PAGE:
Pulse suspended by Jamaica Stock Exchange
Trading in the shares of Pulse Investments Limited was suspended in December for the model agency's failure to file its financial reports on time to the Jamaica Stock Exchange (JSE), but CEO Kingsley Cooper said Tuesday that the company was close to rectifying the breach.
There is no expectation of a delisting of the stock, as happened in 2001 for a similar breach, Cooper told Wednesday Business.
He blamed some of the company's tardiness on the illness of staff.
"We do not have a large staff, and when the majority of our administration and accounting personnel fell ill at the same time during the critical period of accounts preparation, we were unable to meet the deadline date for submission," he said.
Pulse's financial year closes annually in June. The agency had 90 days to submit its year-end results, as stipulated under JSE Rule 408, which also requires that two directors sign off on the accounts.
Wentworth Graham, chief regulatory officer, told Wednesday Business that the suspension followed failure to meet an extended November 28 filing deadline.
He said for the hold to be lifted, Pulse must present the outstanding documents.
"What we hope is that the company will regularise its status to continue trading on the exchange," Graham said.
Pulse hopes to have its financial reports presented to the JSE soon, said Cooper.
"The accounts are with our auditors and the financial statements will be filed shortly," Cooper told Wednesday Business via email.
He said the company does not "anticipate a delisting of the stock as a result of this late reporting," and is focused on earning a satisfactory return for its shareholders.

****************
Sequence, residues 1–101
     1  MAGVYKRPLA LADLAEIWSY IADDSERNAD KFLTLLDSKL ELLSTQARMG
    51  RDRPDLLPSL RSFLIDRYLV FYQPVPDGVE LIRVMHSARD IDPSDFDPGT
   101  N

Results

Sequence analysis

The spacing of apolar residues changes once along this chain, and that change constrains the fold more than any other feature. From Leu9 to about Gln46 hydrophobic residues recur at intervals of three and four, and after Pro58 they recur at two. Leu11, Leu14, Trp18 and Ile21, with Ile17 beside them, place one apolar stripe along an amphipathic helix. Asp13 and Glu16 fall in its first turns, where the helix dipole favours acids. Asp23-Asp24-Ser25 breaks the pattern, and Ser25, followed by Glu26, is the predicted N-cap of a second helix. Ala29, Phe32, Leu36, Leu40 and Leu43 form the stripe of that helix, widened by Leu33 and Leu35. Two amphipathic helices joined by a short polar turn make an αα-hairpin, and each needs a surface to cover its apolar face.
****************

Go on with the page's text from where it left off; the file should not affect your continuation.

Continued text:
Pulse is committed to returning value "without incurring any debt," said the CEO.
"We have managed to reduce our debt to banks from some $280 million a few years ago, to less than $25 million at present," Cooper said, while noting the investments in the Trafalgar Road headquarters, as well as its Villa Ronai projects, were from earnings.
The 35-year-old company further hopes shareholders "will see value in our stock and act accordingly," he added.
At Pulse's delisting in 2001, the company also sought to rally shareholders with assurances of "much improved" value. The company also pointed out then that its "high debt levels" of the 1990s had been reduced.
barely active stocks
At its 2014 suspension, the Pulse stock was trading at 35 cents per share, valuing the company's 271.9 million shares at $95 million.
The stock was barely active during the year, trading only a dozen times, lastly on November 11. It traded at a high of 99 cents and a low of 30 cents in 2014.
The model agency's last earnings report for the nine-month period to March 2014 recorded zero long-term loans; assets of $1.5 billion, of which $1 billion was in the form of investment properties; and put the company's net worth at $1.3 billion.
During the period, the company's revenues dropped to $175 million ($210m: 9M 2013). Earnings per share fell from 53 cents to 50 cents.